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Lasers rid farms of bird problems

Photos courtesy of Bird Control Group A close up of a laser bird control
IRRITATING LIGHT: Birds scatter when the green light from the AVIX Autonomic Mark II is on. The system uses a sweeping motion, back and forth, to rid the fowl from ag enterprises.
Our farm used deadly force, but new technology provides a humane way to remove birds.

I hate birds. The Alfred Hitchcock movie ruined my childhood as I ran from any blackbird. But it was my years living on a Minnesota farm dealing with dive-bombing barn swallows that solidified my emotion toward all birds.

Apparently, two barn swallows took up residence under the roofline ridge right above the front door to raise a family. Now, I can handle a few times of the pesky barn swallow nearly clipping my hair as I walked from the house to the car, but when those birds started going after my kids playing in the yard, well, it was time for action.

Enter my husband and a gun. Perhaps a little drastic, but in my defense, you didn’t hear my children screaming in fear. Let’s just say from a second-story perch, he made a great shot, literally killing two birds with one, uh, shell. Problem eliminated.

So when I saw an email touting an “environmentally friendly laser bird deterrent system,” I thought perhaps there was a better way to handle a fowl situation.

New tech solutions

Apparently, birds are more than just a nuisance. They are a big economic problem for farmers.

In Australia, Koala Farms estimates losing about $37,000 in vegetables every year from bird damage. The farm is 500 hectares across two locations in Queensland, and its crops were severely affected by Australian wood ducks eating the vegetables, as a result of increased duck migration.

So, farm owner Anthony Staatz tried an automated laser bird repellent, AVIX Autonomic Mark II. It looks like a state highway patrol radar gun, except it is mounted on a stand.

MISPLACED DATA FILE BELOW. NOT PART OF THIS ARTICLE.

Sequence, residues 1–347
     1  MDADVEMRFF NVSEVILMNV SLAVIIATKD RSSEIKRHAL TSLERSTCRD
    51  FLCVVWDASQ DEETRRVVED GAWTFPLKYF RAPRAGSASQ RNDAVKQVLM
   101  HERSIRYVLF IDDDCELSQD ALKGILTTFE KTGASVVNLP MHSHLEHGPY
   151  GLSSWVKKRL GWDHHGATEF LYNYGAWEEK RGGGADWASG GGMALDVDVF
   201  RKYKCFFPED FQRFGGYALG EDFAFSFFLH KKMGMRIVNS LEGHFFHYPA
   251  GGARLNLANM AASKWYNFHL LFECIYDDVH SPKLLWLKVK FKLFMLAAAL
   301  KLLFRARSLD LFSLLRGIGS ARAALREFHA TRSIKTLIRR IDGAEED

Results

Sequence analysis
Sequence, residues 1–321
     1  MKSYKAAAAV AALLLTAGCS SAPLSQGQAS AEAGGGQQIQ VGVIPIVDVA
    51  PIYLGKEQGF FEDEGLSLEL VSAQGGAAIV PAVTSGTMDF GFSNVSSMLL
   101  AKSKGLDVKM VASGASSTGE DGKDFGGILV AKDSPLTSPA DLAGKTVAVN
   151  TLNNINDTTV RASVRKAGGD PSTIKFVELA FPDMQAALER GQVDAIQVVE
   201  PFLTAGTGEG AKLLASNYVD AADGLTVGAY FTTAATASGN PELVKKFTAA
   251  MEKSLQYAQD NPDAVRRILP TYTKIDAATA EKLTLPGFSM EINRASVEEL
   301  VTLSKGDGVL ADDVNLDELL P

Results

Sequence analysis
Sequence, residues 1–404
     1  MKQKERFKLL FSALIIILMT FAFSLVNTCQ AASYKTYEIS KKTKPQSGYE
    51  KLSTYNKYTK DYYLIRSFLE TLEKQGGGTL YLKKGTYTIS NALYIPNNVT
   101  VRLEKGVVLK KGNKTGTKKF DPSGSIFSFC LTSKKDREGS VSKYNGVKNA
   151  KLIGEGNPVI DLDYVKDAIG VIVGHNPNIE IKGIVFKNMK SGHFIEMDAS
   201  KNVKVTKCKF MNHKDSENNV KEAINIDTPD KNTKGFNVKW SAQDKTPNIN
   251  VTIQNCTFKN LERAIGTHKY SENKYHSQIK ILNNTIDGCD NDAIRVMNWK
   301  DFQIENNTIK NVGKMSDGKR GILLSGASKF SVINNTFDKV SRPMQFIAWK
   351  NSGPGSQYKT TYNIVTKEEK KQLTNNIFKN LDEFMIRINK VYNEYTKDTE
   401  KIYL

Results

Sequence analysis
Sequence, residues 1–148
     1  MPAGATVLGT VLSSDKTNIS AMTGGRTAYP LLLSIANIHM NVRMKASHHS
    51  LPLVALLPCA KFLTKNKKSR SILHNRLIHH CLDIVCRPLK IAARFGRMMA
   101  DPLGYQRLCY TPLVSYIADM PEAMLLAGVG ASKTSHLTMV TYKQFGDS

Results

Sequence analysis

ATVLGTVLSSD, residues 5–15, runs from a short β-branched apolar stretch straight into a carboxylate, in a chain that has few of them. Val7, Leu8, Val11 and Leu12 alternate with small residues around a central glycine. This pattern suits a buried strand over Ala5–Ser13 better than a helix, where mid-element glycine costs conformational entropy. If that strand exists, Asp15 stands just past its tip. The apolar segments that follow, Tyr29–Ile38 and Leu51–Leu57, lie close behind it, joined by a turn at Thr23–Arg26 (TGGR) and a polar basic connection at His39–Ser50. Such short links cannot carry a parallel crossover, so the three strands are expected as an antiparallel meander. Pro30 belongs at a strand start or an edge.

The Autonomic Mark II projects a green laser beam across a field of crops, posing as a threat to the birds and deterring them immediately. Koala Farms was so convinced it could work that it now covers two areas of the farm with four units.

Sold by Bird Control Group, the product works on birds threatening damage to corn seedlings, feedlot scavengers and vineyards. I was impressed with the scattering of birds at a dairy operation. All it takes is a one-time setup, and the laser turns on and off automatically, depending on the settings. See how it works below:

Farmers can view the system status via the Status & Control app by AVIX and switch it on and off remotely. They also receive push notifications via phone or email if the unit is disconnected from power. Track the system’s operating hours using a Bluetooth connection to see if the laser is performing the way it should.

According to Staatz, the laser bird repellent is a humane alternative to dealing with the duck problem. He says it saves him time and gives them peace of mind. “We don’t wake up to damaged crops.”

Already in the states

But it’s not only in Australia. In Illinois, Jerry Gaitsch uses the laser on his sweet corn crop. He tried a lot of other systems to eliminate birds that were causing up to 85% loss of crop.

In using the system, he found losses dropped to 15%. Gaitsch says it does not work perfectly on all birds, but the system paid for itself within the first two years.

A bird control laser at the top of a pole powered by solar energy
REMOTE CONTROL: Even in areas without power, the automated laser bird repellent works with the help of solar power.

There are other laser deterrents on the market, some starting closer to $2,000. However, prices for automated laser bird deterrents may climb higher.

While it may prove a wise investment for the dairy, vegetable or grape industries, I’m not sure my husband would find it beneficial for the two barn swallows in Minnesota. All it took there was some cheap lead.

TAGS: Technology
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